Is there such a thing as oatmeal from scratch? Honestly, growing up I just thought oatmeal grew in the perfectly shaped flakes that showed up in a box of Quaker Old-Fashioned Oatmeal. However, Quaker Mill company wasn’t created until 1877 and the process for rolling oats wasn’t developed until the 1900s. So…the oatmeal your and my great-grandparents ate was either; oat groats flaked, or oat groats chopped up!
These two ways of eating oats are the healthiest. Oat groats are the “whole oat grain”. It keeps its freshness and
maintains its fiber and nutrients until flaked or chopped. An individual oat groat contains all three parts of the gain called the endosperm, germ and bran. Steel cut oats are oat groats chopped up. They are a yummy way to eat oat groats but take a bit longer to cook, approximately 15-20 minutes or overnight in a crock-pot. Their texture, which is chunky, and taste are much different than eating “flaked” oat groats. Flaked or rolled oat groats are what most of us grew up eating and are smooth and creamy when cooked. The difference between rolled and flaked is basically the thickness of the flattened oat groats.
The health benefits of eating fresh flaked oat groats is FIRST it’s fresh!! I had no idea what a difference that would make in the flavor and texture when eating oatmeal. Fiber, however, is its main attribute. But it is also a complex carb, so it keeps you feeling full for longer, and has almost twice the protein as brown rice. Last,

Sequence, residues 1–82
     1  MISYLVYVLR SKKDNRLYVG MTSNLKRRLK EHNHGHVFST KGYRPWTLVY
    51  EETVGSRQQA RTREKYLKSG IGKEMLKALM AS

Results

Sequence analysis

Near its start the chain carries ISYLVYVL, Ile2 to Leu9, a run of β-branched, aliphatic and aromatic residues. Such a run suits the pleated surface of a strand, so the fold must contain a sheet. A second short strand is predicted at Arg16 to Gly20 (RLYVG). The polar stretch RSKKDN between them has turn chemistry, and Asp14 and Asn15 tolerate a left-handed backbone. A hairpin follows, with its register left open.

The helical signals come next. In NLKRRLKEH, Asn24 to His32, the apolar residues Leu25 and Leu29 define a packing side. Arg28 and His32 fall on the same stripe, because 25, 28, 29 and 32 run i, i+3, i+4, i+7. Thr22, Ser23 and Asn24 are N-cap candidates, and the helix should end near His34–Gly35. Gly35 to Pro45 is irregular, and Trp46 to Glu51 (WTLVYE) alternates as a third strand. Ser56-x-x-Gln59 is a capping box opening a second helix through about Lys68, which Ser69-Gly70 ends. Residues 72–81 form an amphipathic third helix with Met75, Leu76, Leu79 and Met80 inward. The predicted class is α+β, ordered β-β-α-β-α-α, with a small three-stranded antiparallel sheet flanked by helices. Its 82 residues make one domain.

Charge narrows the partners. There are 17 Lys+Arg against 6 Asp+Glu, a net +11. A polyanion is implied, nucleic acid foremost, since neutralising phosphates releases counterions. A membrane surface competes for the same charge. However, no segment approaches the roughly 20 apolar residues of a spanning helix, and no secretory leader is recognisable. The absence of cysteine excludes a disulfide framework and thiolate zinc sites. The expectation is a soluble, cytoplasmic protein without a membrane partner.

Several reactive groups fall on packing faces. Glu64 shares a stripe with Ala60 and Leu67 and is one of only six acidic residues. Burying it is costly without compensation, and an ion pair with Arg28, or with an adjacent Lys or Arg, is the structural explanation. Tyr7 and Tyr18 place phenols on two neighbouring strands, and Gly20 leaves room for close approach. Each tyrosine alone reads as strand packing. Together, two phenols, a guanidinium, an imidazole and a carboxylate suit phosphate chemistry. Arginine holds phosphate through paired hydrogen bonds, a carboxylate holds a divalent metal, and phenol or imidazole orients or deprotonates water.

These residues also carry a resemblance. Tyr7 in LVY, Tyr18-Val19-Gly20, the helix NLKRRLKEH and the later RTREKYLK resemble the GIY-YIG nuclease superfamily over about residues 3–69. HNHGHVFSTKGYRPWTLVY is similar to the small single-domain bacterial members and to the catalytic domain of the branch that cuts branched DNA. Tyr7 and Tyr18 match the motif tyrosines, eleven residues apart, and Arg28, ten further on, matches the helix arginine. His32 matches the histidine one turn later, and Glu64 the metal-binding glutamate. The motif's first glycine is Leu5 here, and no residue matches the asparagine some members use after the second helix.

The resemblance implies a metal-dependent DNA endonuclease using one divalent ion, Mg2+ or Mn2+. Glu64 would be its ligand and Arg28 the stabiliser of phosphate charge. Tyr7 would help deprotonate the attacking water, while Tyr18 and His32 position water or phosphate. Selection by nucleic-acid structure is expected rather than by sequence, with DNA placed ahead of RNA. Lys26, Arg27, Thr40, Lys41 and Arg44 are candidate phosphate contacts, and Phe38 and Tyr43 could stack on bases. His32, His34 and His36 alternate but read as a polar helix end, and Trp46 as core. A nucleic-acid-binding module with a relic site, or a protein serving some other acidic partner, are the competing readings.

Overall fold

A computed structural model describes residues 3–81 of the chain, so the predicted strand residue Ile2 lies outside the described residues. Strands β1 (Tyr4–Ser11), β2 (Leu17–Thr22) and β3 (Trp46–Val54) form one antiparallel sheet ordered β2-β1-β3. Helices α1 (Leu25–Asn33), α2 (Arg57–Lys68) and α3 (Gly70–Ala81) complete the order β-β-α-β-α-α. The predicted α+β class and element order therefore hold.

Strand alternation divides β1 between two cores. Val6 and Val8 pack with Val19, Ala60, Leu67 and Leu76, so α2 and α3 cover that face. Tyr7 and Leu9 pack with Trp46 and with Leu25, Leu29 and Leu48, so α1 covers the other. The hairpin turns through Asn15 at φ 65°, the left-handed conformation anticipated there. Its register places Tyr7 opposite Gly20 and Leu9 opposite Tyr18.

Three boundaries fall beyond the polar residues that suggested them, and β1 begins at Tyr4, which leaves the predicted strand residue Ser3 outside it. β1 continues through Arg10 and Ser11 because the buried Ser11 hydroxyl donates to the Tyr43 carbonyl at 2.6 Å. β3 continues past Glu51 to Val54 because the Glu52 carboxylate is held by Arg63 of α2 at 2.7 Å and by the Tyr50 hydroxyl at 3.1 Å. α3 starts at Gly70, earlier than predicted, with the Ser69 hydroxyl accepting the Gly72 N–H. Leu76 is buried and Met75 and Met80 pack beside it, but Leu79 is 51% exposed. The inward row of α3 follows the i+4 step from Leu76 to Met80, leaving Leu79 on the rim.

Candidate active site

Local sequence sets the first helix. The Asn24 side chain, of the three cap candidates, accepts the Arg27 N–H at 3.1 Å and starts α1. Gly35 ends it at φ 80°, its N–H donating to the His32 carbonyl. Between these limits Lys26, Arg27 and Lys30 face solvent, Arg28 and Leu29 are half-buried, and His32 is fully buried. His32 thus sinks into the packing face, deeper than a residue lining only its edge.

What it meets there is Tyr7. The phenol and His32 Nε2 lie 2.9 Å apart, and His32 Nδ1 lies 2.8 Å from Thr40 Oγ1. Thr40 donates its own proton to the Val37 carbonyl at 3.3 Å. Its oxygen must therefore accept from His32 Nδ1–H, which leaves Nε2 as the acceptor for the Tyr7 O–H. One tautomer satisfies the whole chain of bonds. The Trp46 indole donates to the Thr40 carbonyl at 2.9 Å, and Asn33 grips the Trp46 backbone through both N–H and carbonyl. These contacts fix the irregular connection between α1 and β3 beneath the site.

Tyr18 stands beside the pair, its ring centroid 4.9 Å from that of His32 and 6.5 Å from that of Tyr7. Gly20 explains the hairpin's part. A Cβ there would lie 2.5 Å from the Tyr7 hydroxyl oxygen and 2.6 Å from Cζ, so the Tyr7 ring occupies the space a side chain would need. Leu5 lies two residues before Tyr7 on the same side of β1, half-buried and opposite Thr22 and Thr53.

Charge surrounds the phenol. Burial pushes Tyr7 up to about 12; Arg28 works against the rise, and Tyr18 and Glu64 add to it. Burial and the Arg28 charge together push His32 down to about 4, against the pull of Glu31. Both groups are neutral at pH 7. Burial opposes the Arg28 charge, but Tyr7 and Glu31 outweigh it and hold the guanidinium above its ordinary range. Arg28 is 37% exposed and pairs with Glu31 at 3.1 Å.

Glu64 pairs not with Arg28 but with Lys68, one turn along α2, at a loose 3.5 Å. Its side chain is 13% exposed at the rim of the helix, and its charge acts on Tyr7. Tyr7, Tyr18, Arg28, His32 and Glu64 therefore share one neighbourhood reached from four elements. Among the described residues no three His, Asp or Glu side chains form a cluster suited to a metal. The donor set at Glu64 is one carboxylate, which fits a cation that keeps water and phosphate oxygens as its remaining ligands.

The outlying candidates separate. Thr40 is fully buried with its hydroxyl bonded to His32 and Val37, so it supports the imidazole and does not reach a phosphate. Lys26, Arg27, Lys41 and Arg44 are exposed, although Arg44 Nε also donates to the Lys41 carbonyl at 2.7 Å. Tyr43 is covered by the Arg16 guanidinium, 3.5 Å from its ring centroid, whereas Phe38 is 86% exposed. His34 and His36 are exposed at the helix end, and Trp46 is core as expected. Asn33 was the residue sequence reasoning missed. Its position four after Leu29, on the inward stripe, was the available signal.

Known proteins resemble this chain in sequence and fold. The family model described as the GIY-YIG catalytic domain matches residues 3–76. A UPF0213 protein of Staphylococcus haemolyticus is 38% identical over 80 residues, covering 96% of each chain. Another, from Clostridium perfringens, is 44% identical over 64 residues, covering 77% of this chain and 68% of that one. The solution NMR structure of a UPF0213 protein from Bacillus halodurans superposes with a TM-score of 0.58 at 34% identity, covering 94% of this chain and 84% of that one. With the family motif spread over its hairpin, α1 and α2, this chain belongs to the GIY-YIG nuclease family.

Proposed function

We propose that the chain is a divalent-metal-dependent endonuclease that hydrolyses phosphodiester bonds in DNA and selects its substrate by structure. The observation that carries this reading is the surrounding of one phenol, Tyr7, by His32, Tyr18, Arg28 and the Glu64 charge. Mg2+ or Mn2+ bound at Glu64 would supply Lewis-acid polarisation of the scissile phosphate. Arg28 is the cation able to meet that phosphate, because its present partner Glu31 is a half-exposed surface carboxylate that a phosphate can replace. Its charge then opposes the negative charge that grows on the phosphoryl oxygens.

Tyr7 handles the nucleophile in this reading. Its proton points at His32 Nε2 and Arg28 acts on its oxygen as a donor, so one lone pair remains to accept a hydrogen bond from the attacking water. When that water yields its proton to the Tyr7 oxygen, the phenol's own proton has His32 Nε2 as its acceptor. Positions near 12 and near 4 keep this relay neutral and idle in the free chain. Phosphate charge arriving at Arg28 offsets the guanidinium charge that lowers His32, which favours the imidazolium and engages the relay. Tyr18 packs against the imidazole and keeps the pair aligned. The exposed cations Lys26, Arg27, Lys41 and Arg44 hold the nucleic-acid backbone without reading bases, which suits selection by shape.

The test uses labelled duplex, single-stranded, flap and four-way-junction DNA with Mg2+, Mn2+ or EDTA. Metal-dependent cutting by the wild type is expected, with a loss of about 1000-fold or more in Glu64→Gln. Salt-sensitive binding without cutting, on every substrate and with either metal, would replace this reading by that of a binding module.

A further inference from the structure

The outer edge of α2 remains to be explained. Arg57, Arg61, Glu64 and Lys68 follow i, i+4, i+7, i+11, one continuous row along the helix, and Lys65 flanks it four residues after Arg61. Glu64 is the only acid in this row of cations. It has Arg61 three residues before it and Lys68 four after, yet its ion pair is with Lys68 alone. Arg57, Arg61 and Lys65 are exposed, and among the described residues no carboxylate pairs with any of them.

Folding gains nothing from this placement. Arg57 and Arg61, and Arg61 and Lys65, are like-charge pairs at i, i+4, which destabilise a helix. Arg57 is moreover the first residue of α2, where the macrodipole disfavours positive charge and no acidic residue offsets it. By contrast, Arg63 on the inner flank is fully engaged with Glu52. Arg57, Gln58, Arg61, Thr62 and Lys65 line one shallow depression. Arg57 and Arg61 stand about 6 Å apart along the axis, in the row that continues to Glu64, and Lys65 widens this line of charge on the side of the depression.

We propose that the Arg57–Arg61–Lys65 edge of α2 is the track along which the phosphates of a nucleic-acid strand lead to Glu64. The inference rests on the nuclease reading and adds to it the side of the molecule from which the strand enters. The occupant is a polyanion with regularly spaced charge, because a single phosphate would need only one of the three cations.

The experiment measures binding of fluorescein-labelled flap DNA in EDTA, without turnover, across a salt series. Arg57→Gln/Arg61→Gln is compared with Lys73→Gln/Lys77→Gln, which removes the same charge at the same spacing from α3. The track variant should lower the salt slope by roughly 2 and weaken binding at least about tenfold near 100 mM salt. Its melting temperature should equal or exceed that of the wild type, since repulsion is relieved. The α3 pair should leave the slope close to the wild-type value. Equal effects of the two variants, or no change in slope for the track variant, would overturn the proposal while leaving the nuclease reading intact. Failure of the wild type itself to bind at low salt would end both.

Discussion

it has nutrients such as zinc, iron, thiamin, selenium, and magnesium.
Oats have been around for thousands of years. Considered nothing but a weed and mostly fed to cattle. But the Romans introduced oats to Britain around 1000 B.C. and with the perfect climate, especially in Scotland, it didn’t take long for oatmeal to become something of a national dish. (Scottish oats are whole oat groats that have been stone-ground into meal, creating a texture that lies somewhere between steel-cut oats and oat flour).
I have to say, I’ve been cooking oatmeal since I was a kid. All six of my kids have grown up eating oatmeal for breakfast too. At different stages of these growing up times we ate Quaker Old-Fashioned oats, to instant
oats, to food storage oats that went stale really fast. Most all of my kids love oatmeal but the one who grew up eating stale oats at a young age. And even though Quaker Oats weren’t stale, they weren’t fresh either. So, for Christmas I asked for an oat flaker. And I’m here to tell you, we will never go back to store bought oatmeal again! My kids are hooked! The flavor, the creaminess, and the texture are phenomenal! I had no idea what I was missing after all these years. I purchase my oat groats in the bulk section at a grocery store called WinCo,
or I buy 5 gallon buckets at RainyDayFoods.com.
Here are photos of my flaker. I purchased a “Schnitzer” oat groats flaker. I did do research to choose this one, but it is the only one I’ve actually tried so I wouldn’t know if it’s better or worse than any other. But it works great for us and I like the metal parts for grinding. It’s smooth and easy to use. Grinding is done in a